2017-10-15 / Front Page

Oakley village allows police contracts to expire Nov. 8

By Jeanne Marcello
Staff Reporter

OAKLEY - During its Oct. 10 meeting, the Oakley Village Council voted unanimously not to renew the police contracts.

Oakley Village president Richard Fish opened the discussion about the renewal of police contracts by saying, “I’m going to suggest that in the best interest of Oakley, we not renew the police contracts.”

He explained that [on Oct. 5] the Bureau of Alcohol Tobacco and Firearms (ATF) raided the home of Oakley police chief Robert Reznick, in Swartz Creek. They removed an undisclosed number of firearms.

Fish didn’t have a lot of information about the raid itself. What he did know is that Reznick’s service revolver and other village property have not been not seized.

Trustee Cheryl Bolf asked, “As far as we know, this had nothing to do with the village?”

Fish didn’t think it had anything to do with the village, but didn’t know. “I have to look out for the village,” he said.

Councilman Norm Wolf asked, “So when is the contract up?”

“November,” Fish said. The village had just paid the police department’s insurance from donations received from the police.

Fish said he had talked with Reznick about the raid. He was told that the guns seized in the raid, including some antiques, belonged to his children. But they were registered in his name.

The council voted not to renew the police contracts, which expire on Nov. 8.

Resident/business owner Shannon Bitterman asked the council, “You said we’re not going to renew police contracts? His association with the village of Oakley is finished?”

Fish explained that Reznick’s contract expires Nov. 8.

Bitterman said, “Could we just pay him $500 and say goodbye now?”

Former councilman Francis Koski asked if the police department was shut down. Fish said, “I wouldn’t say that.” Officer Marc Ferguson was hired by the council; he doesn’t have a contract.

Koski wanted to make sure Reznick returns any and all village property he has.

Dennis Bitterman said, “We’re the victims of this police chief. Tell people the truth. Everybody who has been threatened by him, raise your hands.” (Several hands were raised)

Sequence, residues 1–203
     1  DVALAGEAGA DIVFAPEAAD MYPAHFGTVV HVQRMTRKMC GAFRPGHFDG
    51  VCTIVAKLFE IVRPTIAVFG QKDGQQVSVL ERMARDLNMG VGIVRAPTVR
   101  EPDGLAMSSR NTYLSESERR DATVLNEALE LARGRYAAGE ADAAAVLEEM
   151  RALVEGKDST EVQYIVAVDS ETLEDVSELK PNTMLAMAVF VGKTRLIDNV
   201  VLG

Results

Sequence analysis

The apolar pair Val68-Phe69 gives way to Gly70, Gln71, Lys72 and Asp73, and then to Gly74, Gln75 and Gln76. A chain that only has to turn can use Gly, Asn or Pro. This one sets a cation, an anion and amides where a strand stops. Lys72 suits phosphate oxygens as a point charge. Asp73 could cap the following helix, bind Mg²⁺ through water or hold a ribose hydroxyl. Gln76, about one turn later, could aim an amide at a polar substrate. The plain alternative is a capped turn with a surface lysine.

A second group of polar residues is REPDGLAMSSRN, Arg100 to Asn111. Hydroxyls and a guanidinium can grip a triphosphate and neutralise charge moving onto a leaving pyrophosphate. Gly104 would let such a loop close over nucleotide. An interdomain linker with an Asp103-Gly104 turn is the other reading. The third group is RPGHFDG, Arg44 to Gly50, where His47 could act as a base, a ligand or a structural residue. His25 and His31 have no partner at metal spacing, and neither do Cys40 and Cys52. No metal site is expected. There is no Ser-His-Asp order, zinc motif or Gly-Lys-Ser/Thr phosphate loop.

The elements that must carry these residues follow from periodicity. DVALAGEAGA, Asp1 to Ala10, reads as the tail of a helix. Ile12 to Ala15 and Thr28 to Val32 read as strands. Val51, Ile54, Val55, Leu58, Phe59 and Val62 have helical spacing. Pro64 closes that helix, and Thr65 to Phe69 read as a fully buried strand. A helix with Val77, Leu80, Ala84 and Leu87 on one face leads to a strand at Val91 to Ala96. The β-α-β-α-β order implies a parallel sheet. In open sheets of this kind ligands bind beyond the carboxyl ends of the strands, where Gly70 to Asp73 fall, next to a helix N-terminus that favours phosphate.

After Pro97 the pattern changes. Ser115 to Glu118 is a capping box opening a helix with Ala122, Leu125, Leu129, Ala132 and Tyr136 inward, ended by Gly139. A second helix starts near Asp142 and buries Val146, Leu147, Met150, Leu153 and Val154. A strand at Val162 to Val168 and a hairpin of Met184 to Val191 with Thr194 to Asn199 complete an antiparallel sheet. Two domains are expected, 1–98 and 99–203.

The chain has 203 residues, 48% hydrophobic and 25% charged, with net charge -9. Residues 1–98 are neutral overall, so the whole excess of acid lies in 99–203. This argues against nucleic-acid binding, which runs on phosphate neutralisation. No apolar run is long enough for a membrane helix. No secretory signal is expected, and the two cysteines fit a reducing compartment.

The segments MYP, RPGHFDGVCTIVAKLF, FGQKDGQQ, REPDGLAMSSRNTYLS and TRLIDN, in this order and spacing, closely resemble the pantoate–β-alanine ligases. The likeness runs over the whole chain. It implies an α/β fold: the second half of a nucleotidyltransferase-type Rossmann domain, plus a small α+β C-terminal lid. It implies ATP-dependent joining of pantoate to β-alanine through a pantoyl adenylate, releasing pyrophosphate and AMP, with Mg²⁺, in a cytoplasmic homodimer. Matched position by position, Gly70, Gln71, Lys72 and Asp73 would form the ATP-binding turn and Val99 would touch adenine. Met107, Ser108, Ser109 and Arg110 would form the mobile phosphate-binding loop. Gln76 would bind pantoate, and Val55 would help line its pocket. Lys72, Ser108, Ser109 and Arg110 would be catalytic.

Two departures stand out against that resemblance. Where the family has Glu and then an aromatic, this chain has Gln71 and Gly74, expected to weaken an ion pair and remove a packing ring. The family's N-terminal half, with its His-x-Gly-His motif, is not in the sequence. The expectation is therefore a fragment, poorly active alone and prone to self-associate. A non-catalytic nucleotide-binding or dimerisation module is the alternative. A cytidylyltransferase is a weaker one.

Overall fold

Trustee Jennifer Hart said, “They’re all under contract until Nov. 8. [After that, Ferguson] will still be on since he doesn’t have a contract.”

After the council meeting, Fish took questions about the police situation.

When asked how he learned of the raid, Fish said, “Mr. Koski called me shortly after [the raid] started. He got a call from two different people advising him about the raid. It kind of set me back, them contacting a former councilman [about it].”

Fish was asked why Reznick didn’t attend the council meeting. Fish said, “I didn’t want him here when we had all the lawsuits. He was just told to stay away. Reznick has the reputation of rubbing people the wrong way.”

Fish said, “We don’t need a big police force, but do need a sense of security. I think we should ride this month out. We’re not saying the police department is done. But it looks that way.” He explained that Reznick created a self-funded police department through donations. Donations were received from business owners, police, doctors, and others. Reznick was the connection.

“Our whole, entire playscape was donated by a surgeon,” Fish said.

Fish walked through the park in Oakley with the surgeon, who could see this is a poor community. That’s why he donated the playscape.

Deputy Clerk Jim Frelitz explained that as a charitable contribution, it was a tax write off.

Fish said, “As long as we have a police department, the drama won’t end. I honestly don’t think we’ll have a police department.”

“Ironically, the village has never been contacted by the FBI or the ATF,” Fish said.

In related news, Koski took issue with the Oakley Village Council holding a special meeting on Sunday, Sept. 17, less than one week after the regular monthly meeting. Fish explained that the bill for the insurance on the police department was due and the council had just received a donation from the police department to pay it. The donations received from the police amounted to $22,500, which included not only money for the police department’s insurance, but also enough to cover the cost of tearing down a house on M-52 downtown, which had been partially destroyed by fire in March of 2014. The village had obtained ownership through tax reversion, but didn’t have the money to tear it down. In addition to covering the insurance, the police donation covered the cost of demolition, removing the safety hazard before Halloween.

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